Echinocereus knippelianus var. kruegeri

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penstemon
Title: Member
Joined: 2010-06-24

Also, here's a shot of the Opuntia basilaris I mentioned a while ago. Not sure if it's completely in focus, but I don't feel like getting very close to it. It's shriveling, which is a good sign. I guess. I'm kind of scared of it.
And a mystery cactus. It was labeled "Tephrocactus sp.", but I've never been able to match it to any description of anything. It's completely filled this pan over the last 20 years or so, and has rarely flowered (maybe never).

Bob

Bob

extreme western edge of Denver, Colorado; elevation 1705.6 meters, average annual precipitation 30cm; refuses to look at thermometer if it threatens to go below -17C

Weiser
Title: Member
Joined: 2009-12-04

Bob
You have every right to be fearful of the basilaris.  :'( Not fun when they shed their on you and I can attest to it!! :o

Interesting that you can grow a Tephrocactus. I have tried a couple and turned them into mush, with no effort on my part.

From the High Desert Steppe
of the Great Basin and the Eastern
Escarpment of the Sierra Nevada Range
Located in Reno/Sparks,NV  zone 6-7
http://www.flickr.com/photos/sierrarainshadow/
John P Weiser

Martin Tversted
Title: Guest
Joined: 2011-03-24

Bob I dont think your dead glomerata was a glomerata. Maybe a cumulopuntia. Any pictures in the alive state? That would also explain the lack of hardiness. I have around 50 clones of Maihueniopsis that seem at least cold hardy here when dry.
The Tephrocactus mentioned later is not such one. Looks more like an Opuntia. Any pictures in flower?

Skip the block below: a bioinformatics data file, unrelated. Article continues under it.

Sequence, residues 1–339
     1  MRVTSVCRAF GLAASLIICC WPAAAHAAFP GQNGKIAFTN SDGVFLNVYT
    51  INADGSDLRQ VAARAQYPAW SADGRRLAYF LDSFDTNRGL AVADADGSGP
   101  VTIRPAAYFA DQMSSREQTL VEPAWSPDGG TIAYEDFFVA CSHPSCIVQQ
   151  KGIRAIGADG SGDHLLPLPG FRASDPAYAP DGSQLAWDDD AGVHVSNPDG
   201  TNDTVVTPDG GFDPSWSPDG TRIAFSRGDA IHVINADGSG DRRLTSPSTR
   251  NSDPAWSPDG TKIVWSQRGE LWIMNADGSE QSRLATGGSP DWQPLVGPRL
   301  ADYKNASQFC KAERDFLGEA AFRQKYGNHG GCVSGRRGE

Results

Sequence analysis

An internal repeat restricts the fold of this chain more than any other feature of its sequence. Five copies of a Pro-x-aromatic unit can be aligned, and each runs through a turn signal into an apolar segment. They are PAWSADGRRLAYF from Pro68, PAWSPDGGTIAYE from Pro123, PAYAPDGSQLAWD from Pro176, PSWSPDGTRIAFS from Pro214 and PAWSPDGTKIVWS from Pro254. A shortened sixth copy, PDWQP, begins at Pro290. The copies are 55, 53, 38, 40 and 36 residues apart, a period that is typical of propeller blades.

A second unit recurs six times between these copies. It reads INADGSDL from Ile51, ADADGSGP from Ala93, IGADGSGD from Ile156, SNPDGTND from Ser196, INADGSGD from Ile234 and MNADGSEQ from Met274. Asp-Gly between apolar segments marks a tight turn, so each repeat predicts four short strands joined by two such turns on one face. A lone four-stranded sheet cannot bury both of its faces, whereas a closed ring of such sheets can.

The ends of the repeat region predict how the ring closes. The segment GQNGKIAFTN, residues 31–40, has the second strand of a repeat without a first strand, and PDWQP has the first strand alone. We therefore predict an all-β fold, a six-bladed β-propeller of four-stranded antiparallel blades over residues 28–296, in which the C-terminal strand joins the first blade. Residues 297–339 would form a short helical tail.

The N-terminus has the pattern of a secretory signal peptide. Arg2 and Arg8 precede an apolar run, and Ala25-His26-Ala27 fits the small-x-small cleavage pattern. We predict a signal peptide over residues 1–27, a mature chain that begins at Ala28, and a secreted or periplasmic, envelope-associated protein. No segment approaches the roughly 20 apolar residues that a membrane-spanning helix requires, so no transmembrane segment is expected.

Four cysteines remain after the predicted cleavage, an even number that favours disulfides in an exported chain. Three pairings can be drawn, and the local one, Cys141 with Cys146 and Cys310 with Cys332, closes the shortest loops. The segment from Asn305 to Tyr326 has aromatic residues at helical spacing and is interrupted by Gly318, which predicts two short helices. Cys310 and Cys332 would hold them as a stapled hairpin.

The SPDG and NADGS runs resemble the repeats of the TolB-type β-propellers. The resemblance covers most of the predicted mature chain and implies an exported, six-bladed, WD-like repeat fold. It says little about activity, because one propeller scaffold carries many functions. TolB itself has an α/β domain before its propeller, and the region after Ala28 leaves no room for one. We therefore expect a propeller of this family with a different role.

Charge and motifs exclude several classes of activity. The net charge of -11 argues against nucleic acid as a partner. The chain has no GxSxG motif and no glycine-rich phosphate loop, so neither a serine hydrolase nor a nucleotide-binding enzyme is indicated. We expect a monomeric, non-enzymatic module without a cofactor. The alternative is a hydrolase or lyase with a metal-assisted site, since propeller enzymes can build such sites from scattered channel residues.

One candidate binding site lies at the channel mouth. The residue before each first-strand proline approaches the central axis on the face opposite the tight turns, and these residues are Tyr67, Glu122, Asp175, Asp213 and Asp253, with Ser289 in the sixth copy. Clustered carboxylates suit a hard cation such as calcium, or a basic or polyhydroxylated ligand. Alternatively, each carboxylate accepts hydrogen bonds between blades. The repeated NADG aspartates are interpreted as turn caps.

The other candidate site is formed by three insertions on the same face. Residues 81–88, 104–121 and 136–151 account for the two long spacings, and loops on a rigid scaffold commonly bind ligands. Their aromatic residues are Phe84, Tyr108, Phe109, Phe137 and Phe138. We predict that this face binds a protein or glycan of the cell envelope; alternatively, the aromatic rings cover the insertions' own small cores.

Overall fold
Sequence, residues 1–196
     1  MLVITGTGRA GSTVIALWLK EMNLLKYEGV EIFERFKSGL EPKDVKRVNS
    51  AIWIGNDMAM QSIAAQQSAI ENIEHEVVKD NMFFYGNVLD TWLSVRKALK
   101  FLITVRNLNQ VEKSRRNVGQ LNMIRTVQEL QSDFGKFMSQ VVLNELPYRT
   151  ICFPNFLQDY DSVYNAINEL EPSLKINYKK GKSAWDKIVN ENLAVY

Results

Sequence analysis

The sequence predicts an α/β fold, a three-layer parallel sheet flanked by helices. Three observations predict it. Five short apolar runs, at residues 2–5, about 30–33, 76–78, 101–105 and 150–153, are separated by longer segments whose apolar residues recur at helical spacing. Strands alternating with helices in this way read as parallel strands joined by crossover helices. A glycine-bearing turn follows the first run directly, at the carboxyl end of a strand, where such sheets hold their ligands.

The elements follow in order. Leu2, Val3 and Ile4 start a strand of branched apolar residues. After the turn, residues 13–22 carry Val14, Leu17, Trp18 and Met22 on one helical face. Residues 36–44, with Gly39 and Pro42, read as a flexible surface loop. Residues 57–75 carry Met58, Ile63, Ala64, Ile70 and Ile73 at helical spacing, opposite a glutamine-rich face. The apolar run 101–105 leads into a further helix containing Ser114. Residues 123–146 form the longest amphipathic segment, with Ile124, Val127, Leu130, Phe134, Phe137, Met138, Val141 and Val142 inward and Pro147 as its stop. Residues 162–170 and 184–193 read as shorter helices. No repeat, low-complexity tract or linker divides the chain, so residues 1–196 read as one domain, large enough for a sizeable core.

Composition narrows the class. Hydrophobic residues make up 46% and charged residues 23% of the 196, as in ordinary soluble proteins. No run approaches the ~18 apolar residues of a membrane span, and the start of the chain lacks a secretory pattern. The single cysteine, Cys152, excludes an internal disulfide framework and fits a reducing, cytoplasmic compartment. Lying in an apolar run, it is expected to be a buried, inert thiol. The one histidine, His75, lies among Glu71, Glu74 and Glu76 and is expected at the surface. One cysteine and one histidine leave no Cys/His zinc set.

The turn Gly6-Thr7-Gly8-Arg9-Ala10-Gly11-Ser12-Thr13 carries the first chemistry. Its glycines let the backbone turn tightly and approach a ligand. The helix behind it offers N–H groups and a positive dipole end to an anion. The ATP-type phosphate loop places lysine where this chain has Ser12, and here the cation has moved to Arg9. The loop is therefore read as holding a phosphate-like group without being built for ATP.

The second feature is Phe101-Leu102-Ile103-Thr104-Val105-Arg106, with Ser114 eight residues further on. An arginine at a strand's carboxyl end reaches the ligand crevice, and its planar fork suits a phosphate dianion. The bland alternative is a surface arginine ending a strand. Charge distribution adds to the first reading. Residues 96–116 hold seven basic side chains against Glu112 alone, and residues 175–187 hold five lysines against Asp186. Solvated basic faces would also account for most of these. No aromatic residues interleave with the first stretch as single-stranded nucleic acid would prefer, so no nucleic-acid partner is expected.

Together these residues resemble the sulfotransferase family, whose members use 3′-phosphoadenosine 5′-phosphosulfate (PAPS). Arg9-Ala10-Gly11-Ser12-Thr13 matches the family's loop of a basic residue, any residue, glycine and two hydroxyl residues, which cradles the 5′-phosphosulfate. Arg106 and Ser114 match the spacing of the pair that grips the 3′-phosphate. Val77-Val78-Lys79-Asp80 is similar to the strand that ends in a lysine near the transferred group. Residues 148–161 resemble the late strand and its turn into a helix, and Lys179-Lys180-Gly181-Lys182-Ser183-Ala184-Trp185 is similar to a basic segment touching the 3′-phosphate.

Martin Tversted
Central Jutland, Denmark Z6

penstemon
Title: Member
Joined: 2010-06-24

Quote:

The Tephrocactus mentioned later is not such one. Looks more like an Opuntia. Any pictures in flower? 

I agree; it doesn't match the descriptions of any tephrocactus anywhere I've looked. No flowers. It creeps on the ground. The joints do not detach readily as in Opuntia fragilis, and the pads only grow upright where there is no room to grow flat on the ground.
I spend a lot of time trying to key it out and then give up.
The Maihueniopsis glomerata came from Mesa Garden, 551.9298. This plant is frost-tender, obviously.

I don't know very much about South American cacti, except what I've read.

Bob

Bob

extreme western edge of Denver, Colorado; elevation 1705.6 meters, average annual precipitation 30cm; refuses to look at thermometer if it threatens to go below -17C

Manfroni
Manfroni's picture
Title: Guest
Joined: 2011-06-02

I found a pink form of Echinocereus knippelianus on eBay and I could not resist from buying it! On Dave's Garden it says they are hard to 25F. I guess I will cover it in a cloche next winter if it gets colder than that!

Rino, zone 7/8a Dallas TX, rainfall 38 inch or 1 meter per year (highest rainfall in May with 5.29in/134mm, March with 4.34in/110mm and October with 4.21in/107mm), mild winters with 1-2 days of snow (Record low -1F/-18C) and hot, semi-humid summers (Reco

cohan
cohan's picture
Title: Guest
Joined: 2011-02-03

Interesting to see how hardy some of these are- many of these are plants I know, but which (apart from obvious places like Arizona, California and Florida) I have only known as house/greenhouse plants (by far the bigger part of my cactus knowledge, both personal and from various groups)..

west central alberta, canada; just under 1000m; record temps:min -45C/-49F;max 34C/93F; http://picasaweb.google.ca/cactuscactus  http://urbanehillbillycanada.blogspot.com/

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